and MINOR (Σύρτις μεγάλη καὶ μικρά, Ptol. 4.3
), two broad and deep gulfs in the Libyan sea on the N. coast of Africa, and in the district called after them Regio Syrtica.
The name is derived from the Arabic, Sert,
a desert from the desolate and sandy shore by which the neighbourhood of the Syrtes is still characterised.
The navigation of them was very dangerous because of their shallow and sunken rocks, so that the smaller Syrtis was considered in ancient times as altogether unnavigable, and even into the larger one only small ships ventured. (Strab. xvii. p.835
; Scylax, p. 48
; Plb. 1.39
; Mela, 1.7; Plin. Nat. 5.4. s. 4
; Procop. de Aed.
The reports of modern travellers, however, do not tend to establish these dangers. (Lauthier, Relazione
in Della Cella's Viaggio,
p. 214, sqq.) The Greater Syrtis, which was the eastern one, now the Gulf of Sidra,
extended from the promontory of Boreum on the E. side to that of Cephalae on the W. (Scyl. 46, sq.; Plb. 3.29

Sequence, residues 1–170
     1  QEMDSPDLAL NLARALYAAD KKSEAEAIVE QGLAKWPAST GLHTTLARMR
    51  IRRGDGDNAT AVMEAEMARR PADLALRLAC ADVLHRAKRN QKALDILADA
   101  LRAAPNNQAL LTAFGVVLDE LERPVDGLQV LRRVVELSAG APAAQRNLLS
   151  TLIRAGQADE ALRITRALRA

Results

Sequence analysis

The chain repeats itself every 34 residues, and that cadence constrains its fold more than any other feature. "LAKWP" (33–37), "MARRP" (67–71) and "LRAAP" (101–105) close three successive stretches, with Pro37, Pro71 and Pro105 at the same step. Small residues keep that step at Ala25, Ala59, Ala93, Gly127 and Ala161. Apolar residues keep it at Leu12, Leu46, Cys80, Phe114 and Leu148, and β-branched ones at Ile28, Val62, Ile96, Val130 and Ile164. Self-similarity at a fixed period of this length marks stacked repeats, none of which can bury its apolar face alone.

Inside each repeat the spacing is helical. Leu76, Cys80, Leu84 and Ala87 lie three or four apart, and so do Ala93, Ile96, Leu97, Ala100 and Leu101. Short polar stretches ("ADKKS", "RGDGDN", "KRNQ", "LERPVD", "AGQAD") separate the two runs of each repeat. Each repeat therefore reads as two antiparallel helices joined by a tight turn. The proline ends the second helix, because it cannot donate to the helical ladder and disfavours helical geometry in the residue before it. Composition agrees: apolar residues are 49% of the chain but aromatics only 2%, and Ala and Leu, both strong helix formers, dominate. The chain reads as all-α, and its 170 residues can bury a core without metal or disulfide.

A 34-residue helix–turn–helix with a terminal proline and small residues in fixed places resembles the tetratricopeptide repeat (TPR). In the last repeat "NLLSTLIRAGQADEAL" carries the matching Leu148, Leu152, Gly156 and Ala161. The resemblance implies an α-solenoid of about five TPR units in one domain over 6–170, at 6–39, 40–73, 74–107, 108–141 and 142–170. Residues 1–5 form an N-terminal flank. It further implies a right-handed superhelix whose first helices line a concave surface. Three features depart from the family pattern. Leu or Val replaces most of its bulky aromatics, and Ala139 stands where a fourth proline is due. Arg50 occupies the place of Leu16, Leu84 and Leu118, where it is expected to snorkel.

; Strab. l.c.
and ii. p. 123; Mela and Plin. ll. cc.
) According to Strabo it was from 4000 to 5000 stadia in circumference (l.c.
); but in another place (xvii. p. 835) he puts down the measure more accurately at 3930 stadia. Its depth, or landward recess, was from 1500 to 1800 stadia, and its diameter 1500 stadia. (Comp. Agathem. 1.3, and 2.14).
The smaller, or more western Syrtis (now Gulf of Cabes
), was formed on the E. by the promontory of Zeitha and on the W. by that of Brachodes. (Scyl. p. 48; Plb. 1.39
; Strab. ii. p.123
, iii. p. 157, xvii. p. 834, &c.)
According to Strabo it had a circumference of 1600 stadia and a diameter of 600 (comp. Agathem. l.c.
). Particulars respecting the size of both will likewise be found in Mela 1.7; and Itin. Ant.
p. 64, sqq.
The shores of both were inhospitable, and sandy to such a degree that men and even ships were often overwhelmed by the huge cloud-like masses lifted by the wind (Diod. 20.41
; Sal. Jug. 79
; Hdt. 3.25
; Lucan 9.294
, sqq.); and it is affirmed by modern travellers that these descriptions of the ancients are not exaggerated. (See Browne's Travels,
p. 282; Bruce, Travels,
iv. p. 458; Beechey, Expedition, &c.
ch. 10; Ritter, Erdkunde,
i. p. 1030.)